If setting a goal is going to lead to overwhelm: If you have more than enough on your plate at the moment or you’re already struggling to keep up in life, adding something else might not be a good idea.

If you are unable to set goals currently, it’s time to bring out the intentions. Remember, intentions are led by your feelings, they are not time-bound and focus on what you need more presently.

Let me give you an example to help illustrate this.

When I get depressed, everything feels like a mountain to climb. I have no will, no self-motivation, no energy and I struggle to do anything. So I make an intention to do the basics. Wash, eat, do one small household chore maybe. It’s in my mind for the day and more often than not, it helps me carry out those small activities. If I don’t manage it, it’s not accompanied by the sense of failure that having goals is. I just renew my intention and try again in the afternoon or the next day.

Intentions are the light touch to keep you mindful but without the pressure. Making them ideal for mental health/stress or chronic health challenges!

Setting effective goals and adapting for mental/physical health conditions

A lot of the negative aspects I mentioned in the previous section, can be managed or navigated by effective goal setting. This is usually done using the acronym SMART but I actually don’t think that really goes far enough for those of us who need a little bit more flexibility when it comes to health.

I ended up devising this for myself after working with a P.T who was lovely, but didn’t really understand or offer the flexibility needed, when working with my mental and physical health challenges that frequently meant goals were not met. Once I implimented this, I went from fearing goals, to thriving with them. So here is what I use:


S= Specific Your goal should be as clear, specific and detailed as possible, making it easy to know if you have met your goal or not. What are you going to do, how will you do it, with who and by when? This can usually be summed up in a sentence


Your goal should be able to be measured. (Otherwise how else will you know how you are progressing?) If you’re finding this tricky (and emotional measuring can be a little harder), speak to a coach or get someone to help you. (Or you can contact me.)

A=Attainable Are you able to attain this? It might well push you, but it should not be too far out of your reach. Do you have the right skills, the right support, enough time? How can you help yourself achieve this?

Evaluate your goal here.


Your goal should be realistic and worthwhile. Do you have the resources you need (For example money, tools, knowledge) and is it worth the time/risk/effort involved in reaching this goal?

T=Time-bound There should be a time limit on when you expect to have achieved you goal by, otherwise as the quotes say; “It’s not a goal, it’s just a dream.”…or something like that!

E=Emotionally connecting You should feel emotionally connected to your goal. It should inspire you, excite you, motivate you, maybe even scare you a little. If you’re not emotionally connected to your goal then chances are, it isn’t that important to you. If it isn’t important, it’s less likely you’ll remain motivated and succeed.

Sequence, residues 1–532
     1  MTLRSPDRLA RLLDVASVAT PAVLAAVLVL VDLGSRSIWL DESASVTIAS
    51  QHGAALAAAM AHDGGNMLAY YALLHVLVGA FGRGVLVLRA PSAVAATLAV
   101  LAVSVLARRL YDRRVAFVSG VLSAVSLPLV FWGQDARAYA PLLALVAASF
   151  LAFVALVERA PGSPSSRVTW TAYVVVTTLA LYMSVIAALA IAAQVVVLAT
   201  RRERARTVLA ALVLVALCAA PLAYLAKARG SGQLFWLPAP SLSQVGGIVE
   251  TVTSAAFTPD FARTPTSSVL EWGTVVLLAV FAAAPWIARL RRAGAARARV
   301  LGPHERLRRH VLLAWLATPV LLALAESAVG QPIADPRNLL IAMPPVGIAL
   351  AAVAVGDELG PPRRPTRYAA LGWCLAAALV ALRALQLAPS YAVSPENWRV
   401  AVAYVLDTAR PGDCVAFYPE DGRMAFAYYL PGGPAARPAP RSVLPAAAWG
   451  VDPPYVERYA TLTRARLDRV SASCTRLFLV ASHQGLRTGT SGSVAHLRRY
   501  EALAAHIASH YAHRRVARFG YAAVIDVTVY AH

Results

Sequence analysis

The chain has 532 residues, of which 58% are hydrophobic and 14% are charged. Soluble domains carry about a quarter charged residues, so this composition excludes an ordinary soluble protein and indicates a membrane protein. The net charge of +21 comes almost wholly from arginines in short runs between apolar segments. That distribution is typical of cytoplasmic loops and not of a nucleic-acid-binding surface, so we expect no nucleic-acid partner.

R=Relevant Your goal should be relevant to your life as it is now and help you get to go to where you want to be next. Goals for the sake of it, or just because someone else is doing it are less likely to be a success.

And here is for those that need the adaptations and flexibility. H=Honesty If you’ve worked really hard for a goal and have suffered a set back out of your control, it can be really hard to let go, but sometimes it’s important to.

If you are part way through a goal and struggling, be honest with yourself and re-evaluate. Here are some questions to ask yourself; Is this healthy for me to carry on with right now? Will it help me or hinder me to continue? Could I revise the goal? Equally, You must be really honest with yourself if you do choose to set down a goal. Is it because you really couldn’t do it, or because you are giving up? This takes huge amounts of self-awareness, self-honesty and sometimes bravery. There is no shame even if you are giving up. You can learn from a given up goal. You just weren’t ready…YET.


If you need to set your goal aside for now, acceptance is one of the best states you can master. It can be really crushing and cause a lot of negative emotions, a set-back in themselves. So the faster you are able to reach acceptance, the healthier and the better!

CK=Compassion & Kindness If you do have to release your goal for now, then bathe yourself (and anyone else involved in it) with a bucket load of the CK (Nooooo not Calvin Klein!) Compassion and kindness. There are all sorts of reasons why goals are not met. And ask yourself this; what GOOD comes of beating yourself up about it? Why put your energy into that? Be kind, be gentle, be forgiving. Rest, re-evaluate, pick yourself up when you can, and move forward.

The importance of accountability and support

One final thing on the subject of goal setting and it’s a powerful one! Find your support and accountability. Find it and use it well! Having someone (or something) to hold you accountable is a really valuable resource for being successful when it comes to achieving goals. So find a loved one, coach, support group or journal and go smash those goals!

If you’re stuck, you can always message me.

I really hope you’ve found value in this and if you have PLEASE let me know.

Love and light, Anna

#Growthforlife © Evolution Wellness 2020


(1) www.ncbi.nlm.nih.gov/pmc/articles/PMC5954583/#bibr31-2055102918774674

(2) Matt Haig. (2016) Reasons to stay alive. Pages 231-237.

(3) Cairns, A.J., Kavanagh, D.J., Dark, F. et al. Goal setting improves retention in youth mental health: a cross-sectional analysis. Child Adolesc Psychiatry Ment Health 13, 31 (2019) doi:10.1186/s13034-019-0288-x

(4) Dickson, J. M., Moberly, N. J., O’Dea, C., & Field, M. (2016). Goal fluency, pessimism and disengagement in depression. PLOS ONE, 11(11). doi:10.1371/journal.pone.0166259

(5) www.link.springer.com/article/10.1007/s10902-007-9057-2

(6) www.ncbi.nlm.nih.gov/pubmed/9118936